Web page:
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ANN ARBOR, Mich. – Rich Rodriguez had taken off his headset and assumed a spot the edge of the Michigan sideline. There were still a couple minutes left in the Wolverines' wholly-satisfying, long-time-coming 30-10 victory over Connecticut, but Rodriguez wasn't going to waste the moment fretting over the final details.
He was going to enjoy this. He was going to soak in the jubilant scene. He was going to accept the steady parade of hugs and backslaps of coaches and trainers and athletic department officials and anyone else willing to celebrate. He gave his longest embrace to his brilliant sophomore quarterback, Denard Robinson, who managed to run 198 yards and throw for 186 more despite not bothering to tie his shoes.
Then the two of them, each an outsider deemed too unconventional for the Big Ten, stood with arms wrapped on each other's shoulders. They looked up at the largest crowd in the history of college football (113,090) here at the spectacular, renovated new Bigger House and basked in the glory of a near-perfect afternoon.
"A great day for Michigan," Rodriguez would say.
There had been plenty of terrible days for Michigan of late. The last year had been about newspaper investigations and NCAA violations and losses to Toledo and Rodriguez's name appearing on every coaching hot seat list written. A guy who had won big everywhere he'd ever been showed up here and promptly fell flat with consecutive losing seasons.
There's no telling how many of the fans belting out "The Victors" at that moment had just hours before stood over their barbeque smokers and declared Rodriguez's future as bleak as a boarded up Chrysler plant.
Then suddenly Rodriguez and "Shoelace" gave them something to believe.
Here was the wide-open, high-octane, full-speed offense that Rodriguez had promised. Here was Robinson, a Deerfield Beach, Fla. native, taking the reins of Michigan's famed quarterback position and doing it in a way that Griese and Brady and Harbaugh and the rest never could dream.
Generously listed at 6-feet, 193 pounds and with his black adidas secured with a Velcro band but the laces untied and hanging loose, he made darting, dramatic runs through the UConn secondary, 29 carries in all. To keep them honest, he threw 22 accurate passes (19 completions). At times, Michigan just snapped it to Robinson and let him find a hole to run, the world's simplest offense.
"Are we just going to have the Denard play?" laughed center David Molk.
Sure, as long as no one can catch him. UConn sure couldn't. They so struggled to do it they resorted to trying to de-shoe Shoelace.
'"Take his shoe,"' Robinson said the Huskies kept yelling. '"Take his shoe.' They took it off one time that I ran for a first down."
Robinson never ties his shoes. Not in games. Not walking across campus. He's played this way since pee wee ball and "I'm not changing anything."
Neither, it appears, is Rodriguez. He stood firm under a torrent of criticism these past two years and kept preaching to his players that if they stayed the course the plan would work.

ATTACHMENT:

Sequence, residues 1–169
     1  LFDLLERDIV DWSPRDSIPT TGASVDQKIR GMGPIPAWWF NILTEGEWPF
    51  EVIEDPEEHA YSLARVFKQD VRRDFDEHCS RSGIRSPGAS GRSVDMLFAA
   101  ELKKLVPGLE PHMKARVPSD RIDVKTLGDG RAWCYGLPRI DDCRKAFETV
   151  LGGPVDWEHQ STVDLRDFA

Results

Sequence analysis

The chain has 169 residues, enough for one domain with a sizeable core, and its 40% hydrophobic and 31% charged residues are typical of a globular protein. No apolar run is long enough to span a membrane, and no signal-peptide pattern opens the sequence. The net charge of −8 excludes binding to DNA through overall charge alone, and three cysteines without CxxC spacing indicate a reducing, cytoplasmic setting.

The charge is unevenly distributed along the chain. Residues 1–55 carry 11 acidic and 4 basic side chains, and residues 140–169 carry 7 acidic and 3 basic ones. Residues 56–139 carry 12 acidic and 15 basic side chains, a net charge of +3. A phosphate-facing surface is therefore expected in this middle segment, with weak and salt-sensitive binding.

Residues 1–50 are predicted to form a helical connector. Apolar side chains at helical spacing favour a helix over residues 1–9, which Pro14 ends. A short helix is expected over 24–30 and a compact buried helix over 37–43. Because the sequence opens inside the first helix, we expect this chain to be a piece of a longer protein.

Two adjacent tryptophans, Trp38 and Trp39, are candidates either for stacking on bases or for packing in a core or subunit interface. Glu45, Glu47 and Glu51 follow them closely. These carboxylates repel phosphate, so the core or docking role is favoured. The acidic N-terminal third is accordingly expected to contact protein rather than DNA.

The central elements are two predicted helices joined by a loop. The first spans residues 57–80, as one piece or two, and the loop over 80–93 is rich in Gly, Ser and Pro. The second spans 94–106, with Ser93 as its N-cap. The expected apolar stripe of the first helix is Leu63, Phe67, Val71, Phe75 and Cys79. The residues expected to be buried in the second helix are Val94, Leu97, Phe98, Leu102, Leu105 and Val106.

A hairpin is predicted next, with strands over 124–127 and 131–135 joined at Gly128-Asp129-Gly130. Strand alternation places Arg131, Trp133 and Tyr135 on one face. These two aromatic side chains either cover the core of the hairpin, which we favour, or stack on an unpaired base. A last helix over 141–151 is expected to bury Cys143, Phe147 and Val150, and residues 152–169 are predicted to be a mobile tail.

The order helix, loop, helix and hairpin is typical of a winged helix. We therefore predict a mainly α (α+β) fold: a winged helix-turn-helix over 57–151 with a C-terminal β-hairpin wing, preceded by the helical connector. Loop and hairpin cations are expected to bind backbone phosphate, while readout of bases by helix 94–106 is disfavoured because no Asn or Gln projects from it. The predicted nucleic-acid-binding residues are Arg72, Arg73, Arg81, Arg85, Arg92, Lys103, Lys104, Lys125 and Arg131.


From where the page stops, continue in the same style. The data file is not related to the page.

Critics said you can't win in the Big Ten with the spread. They ripped his defense. They questioned his recruits. And, of course, the NCAA came along and slapped him with five major violations – and then some more dating back to his days at West Virginia, mostly for what can generally be described as excessive practice.
This was the kind of on-field futility and off-field drama not seen since before Bo Schembechler arrived in 1969 and built the kind of bedrock program that filled this massive bowl of a stadium each week. Since then, for more than a generation, Michigan did things nearly the same way, including winning a lot of games.
Now here was Rodriguez, changing everything all at once, fumbling through public relations and compliance and winding up in the Big Ten basement.
Stick with me he kept telling the players. Believe in me he kept pleading to the fans. The Wolverines went 1-7 in the Big Ten last year. "We finished the season so poorly," Rodriguez acknowledged.
This was no longer a team for the weak of faith.
And then there it was; series after series of suddenly breathtaking play. "It's such a relief," said linebacker Craig Roh. Added Molk, "it was great to see it work."
UConn isn't Ohio State. At Notre Dame looms. The season is full of big, near must-win games – in South Bend, Michigan State, those Buckeyes on Thanksgiving weekend. As sweet as Saturday was, it didn't solve everything. Or anything.
It did show that greatness is possible though. This was a legitimate opener, against a good opponent. It was a real show of force for the Wolverines, so impressive the coach and quarterback could just hang out and admire their handiwork as they waited for the clock to run out.
"I will enjoy this for the next three hours and 10 minutes and try to get five hours of sleep," Rodriguez said before preparations for next week's game at Notre Dame begin. If you were looking for him to emote on the personal importance of the day, he wasn't going to play along.
Which isn't to say he wasn't aware of it. He'd said as much when he addressed the players in an emotional locker room, thanking them for their focus.
"We've been through a lot …," Rodriguez said. "It's been tough on the coaches. It's been tough on the players. … I want them to be happy. One of the goals as a coach is your players to truly enjoy being a student athlete. … This is just one win but I'm going to let our players enjoy it."
For a rattled program and a concerned fan base and an under siege coaching staff, enjoy it was enough. On a day it ushered in a new era of its iconic stadium, it showed a potential new era of play.
Michigan may not yet be back. You can see the roadmap and the untied shoes capable of getting down it in a hurry though.
- Rich Rodriguez